ACH File Overview

ACH Files

An ACH file is a fixed-width, ASCII file, with each line exactly 94 characters in length. Each line of characters is known as a “record” and is comprised of various “fields” that are at specific positions within that line. In a properly formatted file, records must follow a specific order.

ACH files contain one or more batches. Batches consist of one or more transactions. Certain data elements are captured at different levels within the ACH format (file, batch or transaction). As such, certain transactions will be batched together – where the Standard Entry Class (SEC) Code, effective entry date, company ID, and Batch descriptor are identical, based on similar information required at the element level. See detailed specifications below.

Record Sequence

Below is the basic sequence of records. Note that for every “header” record that starts a section, there is a matching “control” record that ends that section (like braces or XML tags).

ACH Record Sequence

Each record type above is identified by a specific single digit known as a “type code.” One can always determine the record by the first number of the line. The above example would look like this in a file:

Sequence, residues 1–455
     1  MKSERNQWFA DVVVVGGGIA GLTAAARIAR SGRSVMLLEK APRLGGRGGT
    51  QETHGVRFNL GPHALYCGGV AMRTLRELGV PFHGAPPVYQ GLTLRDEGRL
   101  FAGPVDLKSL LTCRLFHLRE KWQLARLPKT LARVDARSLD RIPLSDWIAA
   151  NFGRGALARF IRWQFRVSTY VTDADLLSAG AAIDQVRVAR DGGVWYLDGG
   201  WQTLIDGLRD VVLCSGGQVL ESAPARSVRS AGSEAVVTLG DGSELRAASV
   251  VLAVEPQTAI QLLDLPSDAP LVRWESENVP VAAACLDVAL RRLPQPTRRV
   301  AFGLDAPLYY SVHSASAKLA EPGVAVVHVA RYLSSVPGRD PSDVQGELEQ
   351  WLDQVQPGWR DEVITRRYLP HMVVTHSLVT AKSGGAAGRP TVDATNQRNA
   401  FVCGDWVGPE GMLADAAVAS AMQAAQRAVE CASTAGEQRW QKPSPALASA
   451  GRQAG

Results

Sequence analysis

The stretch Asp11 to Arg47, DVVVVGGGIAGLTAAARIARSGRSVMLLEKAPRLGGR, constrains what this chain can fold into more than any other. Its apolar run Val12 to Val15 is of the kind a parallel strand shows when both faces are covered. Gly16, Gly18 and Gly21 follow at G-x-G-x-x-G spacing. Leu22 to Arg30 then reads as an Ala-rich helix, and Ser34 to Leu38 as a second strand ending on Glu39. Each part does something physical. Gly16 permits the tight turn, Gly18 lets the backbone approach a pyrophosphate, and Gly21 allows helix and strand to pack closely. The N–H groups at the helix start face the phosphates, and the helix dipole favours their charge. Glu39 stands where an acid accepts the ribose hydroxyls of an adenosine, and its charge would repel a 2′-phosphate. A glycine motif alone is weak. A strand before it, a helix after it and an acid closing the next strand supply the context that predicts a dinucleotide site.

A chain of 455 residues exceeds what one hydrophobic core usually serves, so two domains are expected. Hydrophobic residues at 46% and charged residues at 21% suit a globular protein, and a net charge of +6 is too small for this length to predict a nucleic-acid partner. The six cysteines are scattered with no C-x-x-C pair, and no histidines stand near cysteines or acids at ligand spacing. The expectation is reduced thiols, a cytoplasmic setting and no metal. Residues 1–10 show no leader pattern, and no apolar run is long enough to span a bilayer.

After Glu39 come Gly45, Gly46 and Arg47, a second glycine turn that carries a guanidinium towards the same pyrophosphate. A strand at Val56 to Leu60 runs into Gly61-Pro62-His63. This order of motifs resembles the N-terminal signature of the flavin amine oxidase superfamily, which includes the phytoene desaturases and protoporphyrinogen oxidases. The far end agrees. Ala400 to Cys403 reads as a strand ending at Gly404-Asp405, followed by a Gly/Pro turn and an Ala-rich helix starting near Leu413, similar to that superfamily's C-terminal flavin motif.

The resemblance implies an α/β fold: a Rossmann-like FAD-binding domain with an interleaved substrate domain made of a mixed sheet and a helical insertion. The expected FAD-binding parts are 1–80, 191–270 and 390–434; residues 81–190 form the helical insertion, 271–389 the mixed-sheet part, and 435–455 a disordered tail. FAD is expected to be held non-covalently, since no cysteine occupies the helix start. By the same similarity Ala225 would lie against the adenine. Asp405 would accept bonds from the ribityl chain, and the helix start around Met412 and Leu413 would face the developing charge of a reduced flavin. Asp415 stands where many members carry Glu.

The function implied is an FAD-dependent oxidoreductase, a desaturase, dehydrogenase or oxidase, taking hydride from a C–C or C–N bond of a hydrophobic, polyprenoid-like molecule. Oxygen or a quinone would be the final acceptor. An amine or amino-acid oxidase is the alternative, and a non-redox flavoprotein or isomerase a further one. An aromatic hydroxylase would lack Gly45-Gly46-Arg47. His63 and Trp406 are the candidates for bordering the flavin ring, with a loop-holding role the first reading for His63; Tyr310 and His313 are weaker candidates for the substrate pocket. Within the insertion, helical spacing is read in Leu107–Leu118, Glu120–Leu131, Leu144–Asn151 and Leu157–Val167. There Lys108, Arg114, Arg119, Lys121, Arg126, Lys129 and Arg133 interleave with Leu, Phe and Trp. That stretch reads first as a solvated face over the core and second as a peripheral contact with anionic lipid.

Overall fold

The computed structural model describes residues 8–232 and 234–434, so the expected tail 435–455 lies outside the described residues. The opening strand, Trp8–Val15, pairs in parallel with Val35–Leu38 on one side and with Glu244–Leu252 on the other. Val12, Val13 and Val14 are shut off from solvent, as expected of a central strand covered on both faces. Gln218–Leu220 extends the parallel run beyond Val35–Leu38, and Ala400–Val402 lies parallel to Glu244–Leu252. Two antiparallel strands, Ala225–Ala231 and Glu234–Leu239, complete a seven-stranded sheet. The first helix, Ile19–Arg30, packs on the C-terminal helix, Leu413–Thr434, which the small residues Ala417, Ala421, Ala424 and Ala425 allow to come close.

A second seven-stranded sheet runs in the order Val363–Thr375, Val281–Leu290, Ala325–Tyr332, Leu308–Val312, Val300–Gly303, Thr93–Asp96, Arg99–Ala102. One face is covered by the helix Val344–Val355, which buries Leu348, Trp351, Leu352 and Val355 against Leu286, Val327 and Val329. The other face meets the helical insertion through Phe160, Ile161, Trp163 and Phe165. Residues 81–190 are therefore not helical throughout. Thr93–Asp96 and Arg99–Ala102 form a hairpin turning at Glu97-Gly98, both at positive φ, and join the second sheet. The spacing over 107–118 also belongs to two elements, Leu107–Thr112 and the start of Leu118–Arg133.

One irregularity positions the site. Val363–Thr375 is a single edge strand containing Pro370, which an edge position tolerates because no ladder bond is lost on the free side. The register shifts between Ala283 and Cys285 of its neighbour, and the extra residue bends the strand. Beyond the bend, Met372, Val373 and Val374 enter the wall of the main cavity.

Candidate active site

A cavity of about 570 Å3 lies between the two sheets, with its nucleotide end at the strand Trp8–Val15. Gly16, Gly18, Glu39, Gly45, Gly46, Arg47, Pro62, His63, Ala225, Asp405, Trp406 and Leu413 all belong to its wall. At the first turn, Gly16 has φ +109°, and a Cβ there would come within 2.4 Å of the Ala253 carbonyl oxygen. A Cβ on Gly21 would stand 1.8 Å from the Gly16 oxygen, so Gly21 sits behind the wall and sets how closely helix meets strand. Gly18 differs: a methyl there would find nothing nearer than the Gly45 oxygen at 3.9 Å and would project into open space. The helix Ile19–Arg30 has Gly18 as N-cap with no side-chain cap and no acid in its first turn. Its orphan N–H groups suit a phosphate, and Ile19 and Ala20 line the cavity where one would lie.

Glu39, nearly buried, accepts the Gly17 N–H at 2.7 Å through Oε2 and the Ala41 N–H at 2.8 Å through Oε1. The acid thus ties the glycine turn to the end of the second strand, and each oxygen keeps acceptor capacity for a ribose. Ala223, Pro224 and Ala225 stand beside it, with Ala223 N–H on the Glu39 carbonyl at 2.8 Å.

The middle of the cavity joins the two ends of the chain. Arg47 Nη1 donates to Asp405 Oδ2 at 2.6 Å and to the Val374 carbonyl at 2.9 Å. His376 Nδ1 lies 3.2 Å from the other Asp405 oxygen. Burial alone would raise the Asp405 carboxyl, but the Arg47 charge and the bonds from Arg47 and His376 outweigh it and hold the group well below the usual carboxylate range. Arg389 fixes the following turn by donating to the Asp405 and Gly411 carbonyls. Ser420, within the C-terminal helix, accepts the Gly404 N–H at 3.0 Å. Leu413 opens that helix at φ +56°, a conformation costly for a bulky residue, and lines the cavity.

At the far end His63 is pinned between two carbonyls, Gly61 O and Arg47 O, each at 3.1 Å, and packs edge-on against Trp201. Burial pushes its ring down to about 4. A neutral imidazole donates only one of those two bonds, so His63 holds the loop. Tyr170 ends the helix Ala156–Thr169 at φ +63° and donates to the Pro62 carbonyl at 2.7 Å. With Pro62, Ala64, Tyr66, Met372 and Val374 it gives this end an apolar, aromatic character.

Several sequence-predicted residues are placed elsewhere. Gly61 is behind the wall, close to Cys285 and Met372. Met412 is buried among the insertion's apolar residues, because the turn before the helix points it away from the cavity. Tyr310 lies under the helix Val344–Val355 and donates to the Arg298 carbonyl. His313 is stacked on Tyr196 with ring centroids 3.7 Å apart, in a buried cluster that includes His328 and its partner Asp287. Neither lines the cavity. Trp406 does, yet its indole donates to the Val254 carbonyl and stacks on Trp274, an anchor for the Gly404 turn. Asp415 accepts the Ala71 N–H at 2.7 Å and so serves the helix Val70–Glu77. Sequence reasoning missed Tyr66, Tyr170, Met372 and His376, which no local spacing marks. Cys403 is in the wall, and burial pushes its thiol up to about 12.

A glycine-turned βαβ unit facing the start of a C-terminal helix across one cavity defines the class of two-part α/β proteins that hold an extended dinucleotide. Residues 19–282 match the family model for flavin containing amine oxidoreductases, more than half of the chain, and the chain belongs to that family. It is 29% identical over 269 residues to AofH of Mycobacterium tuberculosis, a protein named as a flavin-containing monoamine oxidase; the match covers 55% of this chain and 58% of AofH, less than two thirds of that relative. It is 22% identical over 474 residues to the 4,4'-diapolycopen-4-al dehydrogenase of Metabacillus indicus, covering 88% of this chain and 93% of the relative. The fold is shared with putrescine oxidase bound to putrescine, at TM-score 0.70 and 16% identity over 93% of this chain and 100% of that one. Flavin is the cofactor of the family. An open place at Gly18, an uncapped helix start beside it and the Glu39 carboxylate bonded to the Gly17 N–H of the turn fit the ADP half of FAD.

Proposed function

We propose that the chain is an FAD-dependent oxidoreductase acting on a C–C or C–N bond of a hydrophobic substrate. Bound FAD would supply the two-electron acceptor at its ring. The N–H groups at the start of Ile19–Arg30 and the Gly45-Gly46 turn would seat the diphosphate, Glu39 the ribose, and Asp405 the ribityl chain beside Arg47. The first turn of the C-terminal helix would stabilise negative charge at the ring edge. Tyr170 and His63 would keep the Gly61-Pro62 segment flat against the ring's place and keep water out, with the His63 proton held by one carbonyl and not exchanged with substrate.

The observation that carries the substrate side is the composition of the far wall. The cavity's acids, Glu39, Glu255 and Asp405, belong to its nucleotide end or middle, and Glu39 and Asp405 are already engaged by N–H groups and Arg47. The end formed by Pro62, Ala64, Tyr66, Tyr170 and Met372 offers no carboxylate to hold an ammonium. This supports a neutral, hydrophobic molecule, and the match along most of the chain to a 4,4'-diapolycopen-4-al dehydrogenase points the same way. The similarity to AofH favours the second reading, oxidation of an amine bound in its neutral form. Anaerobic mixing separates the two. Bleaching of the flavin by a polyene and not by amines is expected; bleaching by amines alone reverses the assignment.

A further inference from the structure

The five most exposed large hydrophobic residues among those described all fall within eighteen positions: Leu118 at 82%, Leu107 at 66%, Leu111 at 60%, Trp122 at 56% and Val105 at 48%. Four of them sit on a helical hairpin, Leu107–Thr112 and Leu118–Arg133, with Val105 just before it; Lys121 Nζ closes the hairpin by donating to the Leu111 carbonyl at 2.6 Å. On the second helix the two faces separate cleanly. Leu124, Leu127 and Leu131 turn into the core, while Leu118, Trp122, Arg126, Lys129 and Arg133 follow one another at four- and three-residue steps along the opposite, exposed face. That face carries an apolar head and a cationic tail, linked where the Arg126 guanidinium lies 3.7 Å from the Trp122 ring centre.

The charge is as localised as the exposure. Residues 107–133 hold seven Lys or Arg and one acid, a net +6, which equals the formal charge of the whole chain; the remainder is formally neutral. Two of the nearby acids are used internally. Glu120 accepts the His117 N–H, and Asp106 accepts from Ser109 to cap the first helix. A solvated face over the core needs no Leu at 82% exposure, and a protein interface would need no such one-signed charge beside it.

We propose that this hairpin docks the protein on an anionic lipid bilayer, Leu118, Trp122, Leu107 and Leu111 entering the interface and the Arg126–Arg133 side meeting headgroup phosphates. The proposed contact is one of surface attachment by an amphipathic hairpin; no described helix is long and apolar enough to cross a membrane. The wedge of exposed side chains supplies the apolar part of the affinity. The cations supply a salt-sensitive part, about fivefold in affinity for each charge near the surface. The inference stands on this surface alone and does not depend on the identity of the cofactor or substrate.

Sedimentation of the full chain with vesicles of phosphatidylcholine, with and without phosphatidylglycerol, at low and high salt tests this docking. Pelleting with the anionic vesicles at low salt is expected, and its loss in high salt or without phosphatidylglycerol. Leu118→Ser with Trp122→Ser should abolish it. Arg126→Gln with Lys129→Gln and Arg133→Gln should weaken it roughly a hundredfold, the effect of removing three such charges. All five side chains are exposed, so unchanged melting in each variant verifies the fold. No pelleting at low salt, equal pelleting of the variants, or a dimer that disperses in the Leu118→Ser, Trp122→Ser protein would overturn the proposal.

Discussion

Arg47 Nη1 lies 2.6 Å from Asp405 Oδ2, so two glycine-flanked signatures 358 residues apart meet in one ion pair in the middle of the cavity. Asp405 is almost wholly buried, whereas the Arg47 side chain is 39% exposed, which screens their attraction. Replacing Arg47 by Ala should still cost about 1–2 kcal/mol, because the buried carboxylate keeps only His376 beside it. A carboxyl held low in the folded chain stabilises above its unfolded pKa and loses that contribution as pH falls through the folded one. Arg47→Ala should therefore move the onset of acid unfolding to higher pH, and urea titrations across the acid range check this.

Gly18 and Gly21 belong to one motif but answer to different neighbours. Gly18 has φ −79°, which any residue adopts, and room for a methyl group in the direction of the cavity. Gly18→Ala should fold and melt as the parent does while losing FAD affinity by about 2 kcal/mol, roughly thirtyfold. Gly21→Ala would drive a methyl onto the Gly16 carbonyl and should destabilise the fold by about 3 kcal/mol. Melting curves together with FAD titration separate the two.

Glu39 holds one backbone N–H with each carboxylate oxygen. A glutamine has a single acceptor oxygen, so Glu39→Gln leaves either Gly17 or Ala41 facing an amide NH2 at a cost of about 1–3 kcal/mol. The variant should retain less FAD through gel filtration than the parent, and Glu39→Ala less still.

101… File Header Record
520… Batch Header Record
627… Entry Detail Record
637… Entry Detail Record
7XX… Addenda Record
. . . . . .
820… Batch Control Record
520… Batch Header Record
622… Entry Detail Record
7XX… Addenda Record
622… Entry Detail Record
. . . . . .
820… Batch Control Record
. . . . . .
900… File Control Record
999… File Padding

Record Overview

An ACH file always begins with a single "File Header Record," which will always begin with “101” followed by the routing number of the originating (sending) bank. It also includes a date time stamp, as well as the name of the originating bank and company name.

The ACH File format is designed to allow various levels of ACH processing (the difference between you sending a file to your bank, and the bank sending a file to the ACH Network). Your bank (or ODFI) may have specific formatting requirements and data elements to process your ACH files. These differences often are generated in the File Header record, which helps the ODFI recognize which client sent the particular file. ODFIs will then process the ACH files to create larger ACH files to be sent to the ACH Network that contain many originators’ batches.